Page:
Apple is set to finalise its acquisition of Shazam, the mobile app that offers elusive track-IDs to more than 120million active monthly users.
The deal, which we first reported on last year, is thought to be worth some $400million dollars, and will go ahead despite an investigation by the EU which stalled the proposals after concerns were raised by several countries in the bloc, including Austria, France and Spain.
Fears centred on the potential dangers posed by Apple to competitors in the streaming market if the tech giant introduced new features to Shazam that could work alongside its Apple Music service, which claims 50million subscribers and counting.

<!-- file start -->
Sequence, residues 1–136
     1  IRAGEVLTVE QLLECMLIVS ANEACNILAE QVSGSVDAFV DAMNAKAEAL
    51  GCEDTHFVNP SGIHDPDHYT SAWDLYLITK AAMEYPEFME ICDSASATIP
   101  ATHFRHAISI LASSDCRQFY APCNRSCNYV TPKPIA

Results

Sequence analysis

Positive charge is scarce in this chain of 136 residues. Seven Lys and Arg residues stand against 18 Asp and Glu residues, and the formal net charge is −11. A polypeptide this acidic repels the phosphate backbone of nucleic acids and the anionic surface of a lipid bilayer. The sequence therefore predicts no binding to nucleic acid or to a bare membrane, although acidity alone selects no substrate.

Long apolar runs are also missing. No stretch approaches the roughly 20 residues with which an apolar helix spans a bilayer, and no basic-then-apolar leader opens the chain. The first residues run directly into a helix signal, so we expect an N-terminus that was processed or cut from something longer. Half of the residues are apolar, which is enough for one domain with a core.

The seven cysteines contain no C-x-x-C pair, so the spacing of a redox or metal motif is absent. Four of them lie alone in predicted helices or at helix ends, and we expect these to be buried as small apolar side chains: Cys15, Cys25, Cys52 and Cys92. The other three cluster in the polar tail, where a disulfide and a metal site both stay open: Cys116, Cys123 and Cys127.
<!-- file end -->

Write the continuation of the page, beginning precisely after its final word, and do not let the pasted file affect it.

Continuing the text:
“After thoroughly analysing Shazam’s user and music data, we found that their acquisition by Apple would not reduce competition in the digital music streaming market,” said Margrethe Vestager, European Commissioner for Competition.
"[A]ccess to Shazam’s data would not materially increase [Apple's] ability to target music enthusiasts and any conduct aimed at making customers switch would only have a negligible impact,” she continued.
Once the acquisition has been made, Apple will have access to Shazam's user base, and its standard-setting audio recognition patents. For more on this subject read our feature about track ID-culture.